A white person confronted by a police officer typically does not fear for their lives. I am not proud of this, but I have been pulled over for more than my share of speeding tickets. In my case, a police officer approaches my car, asks for my license and registration. I dig it out of my purse and glove compartment without asking permission to move and rummage around, yet no officer ever has drawn their gun on me. One time I was pulled over for speeding when I was driving my friend’s truck. It was the only time in my life I was asked to get out of the car for a speeding violation. When I was out of earshot of my friend, the officer asked me if I was all right. He thought it was at least possible that I was being held against my will. If you haven’t guessed, the friend I was with is a Black man. When I have shared that story with some of my white, female friends, they say things like, “Thank goodness. What if you had been kidnapped? Aren’t you glad he asked?” When I share the story with my black, female friends, they respond with some version of, “Um huh, he thought you were being held against your will,” shaking their heads as they think of it. I was not relieved this police officer asked because, you see, I had given him no indication I was under any duress. I never gave him a signal, mouthed “help me” or anything else to give him the impression I was scared. He assessed the situation and saw a white woman with a large, black man, assumed and acted.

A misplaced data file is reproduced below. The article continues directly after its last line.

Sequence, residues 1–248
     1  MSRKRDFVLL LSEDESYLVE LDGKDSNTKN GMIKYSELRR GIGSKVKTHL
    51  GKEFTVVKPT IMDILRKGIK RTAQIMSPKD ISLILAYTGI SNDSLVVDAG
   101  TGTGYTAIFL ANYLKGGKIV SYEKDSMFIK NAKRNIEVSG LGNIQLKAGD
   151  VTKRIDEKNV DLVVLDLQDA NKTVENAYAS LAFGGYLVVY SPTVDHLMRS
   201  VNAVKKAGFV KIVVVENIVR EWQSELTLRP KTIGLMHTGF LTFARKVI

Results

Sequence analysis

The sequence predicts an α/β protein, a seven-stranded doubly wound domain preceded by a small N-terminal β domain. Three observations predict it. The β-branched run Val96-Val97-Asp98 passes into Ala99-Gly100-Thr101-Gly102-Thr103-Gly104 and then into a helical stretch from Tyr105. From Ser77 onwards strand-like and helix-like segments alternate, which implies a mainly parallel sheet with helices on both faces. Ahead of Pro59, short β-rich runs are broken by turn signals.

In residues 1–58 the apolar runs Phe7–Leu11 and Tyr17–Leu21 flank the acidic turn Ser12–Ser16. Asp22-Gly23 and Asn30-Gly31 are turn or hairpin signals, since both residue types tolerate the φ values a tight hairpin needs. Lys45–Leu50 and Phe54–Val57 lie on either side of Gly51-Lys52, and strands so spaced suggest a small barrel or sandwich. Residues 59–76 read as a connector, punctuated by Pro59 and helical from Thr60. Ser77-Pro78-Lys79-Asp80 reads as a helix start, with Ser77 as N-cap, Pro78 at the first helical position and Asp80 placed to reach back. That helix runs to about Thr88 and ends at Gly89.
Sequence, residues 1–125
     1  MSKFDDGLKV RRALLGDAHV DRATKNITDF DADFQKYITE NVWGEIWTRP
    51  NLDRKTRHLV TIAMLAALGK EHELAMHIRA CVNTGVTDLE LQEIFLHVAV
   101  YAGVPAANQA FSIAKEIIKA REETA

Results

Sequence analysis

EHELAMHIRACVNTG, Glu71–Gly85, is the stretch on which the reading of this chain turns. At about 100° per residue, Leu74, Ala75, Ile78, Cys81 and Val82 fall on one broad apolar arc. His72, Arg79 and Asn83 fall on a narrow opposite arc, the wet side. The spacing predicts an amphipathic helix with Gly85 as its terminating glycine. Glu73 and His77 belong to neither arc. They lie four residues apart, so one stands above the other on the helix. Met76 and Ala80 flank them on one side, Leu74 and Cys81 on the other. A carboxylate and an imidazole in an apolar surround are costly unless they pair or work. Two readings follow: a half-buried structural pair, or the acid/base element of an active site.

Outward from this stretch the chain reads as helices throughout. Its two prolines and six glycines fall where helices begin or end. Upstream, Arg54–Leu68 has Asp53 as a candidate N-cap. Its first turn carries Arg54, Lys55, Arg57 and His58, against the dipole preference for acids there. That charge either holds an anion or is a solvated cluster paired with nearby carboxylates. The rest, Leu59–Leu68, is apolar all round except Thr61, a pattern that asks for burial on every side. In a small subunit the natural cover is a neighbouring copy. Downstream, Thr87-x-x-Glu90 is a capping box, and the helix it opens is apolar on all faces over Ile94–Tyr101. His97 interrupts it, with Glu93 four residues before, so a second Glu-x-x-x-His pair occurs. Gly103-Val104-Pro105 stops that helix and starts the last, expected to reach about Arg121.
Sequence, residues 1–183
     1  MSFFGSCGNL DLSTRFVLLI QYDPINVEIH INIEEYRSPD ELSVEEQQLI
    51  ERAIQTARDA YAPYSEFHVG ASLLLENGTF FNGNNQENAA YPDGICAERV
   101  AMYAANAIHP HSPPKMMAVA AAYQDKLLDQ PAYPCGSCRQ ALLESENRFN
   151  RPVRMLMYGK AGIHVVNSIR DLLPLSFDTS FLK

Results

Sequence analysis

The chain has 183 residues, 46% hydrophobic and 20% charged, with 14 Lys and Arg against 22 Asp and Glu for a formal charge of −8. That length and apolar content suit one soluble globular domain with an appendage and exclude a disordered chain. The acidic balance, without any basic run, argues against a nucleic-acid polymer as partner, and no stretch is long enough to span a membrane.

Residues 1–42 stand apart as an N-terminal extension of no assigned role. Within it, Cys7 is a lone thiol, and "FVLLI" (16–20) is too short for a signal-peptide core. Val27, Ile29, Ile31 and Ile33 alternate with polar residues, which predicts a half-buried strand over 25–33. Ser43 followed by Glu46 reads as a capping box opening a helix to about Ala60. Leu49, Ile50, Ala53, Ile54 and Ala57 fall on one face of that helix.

Even if your best friend is black, you’re dating a black person, you have biracial children and you hang out with black people at work, you benefit from white supremacy.

A big step toward accepting the truth of our society and becoming more comfortable with having these difficult conversations—something that is necessary to be an ally—is understanding that racism isn’t always an intentional evil. If you believe you aren’t racist and you say something like, “I don’t even see color,” then you are guilty of marginalizing black people. You are negating their experience, and it’s a lie you tell yourself. Of course you see color, and color is beautiful. But you must understand your privileged position as best you can. My black friends have been through some things I will never understand, no matter how much I want to. When I look at them, I need to see their skin tone and respect their struggles because of it. I need to know the lessons of my childhood were vastly different from theirs. I was taught about a trusting, protective, fair environment; they were taught something totally different. This is a privilege I have. I can’t shed it, but I can use it to bolster the voices of the disenfranchised. Won’t you join me? Don’t deny your privilege; do something positive with it.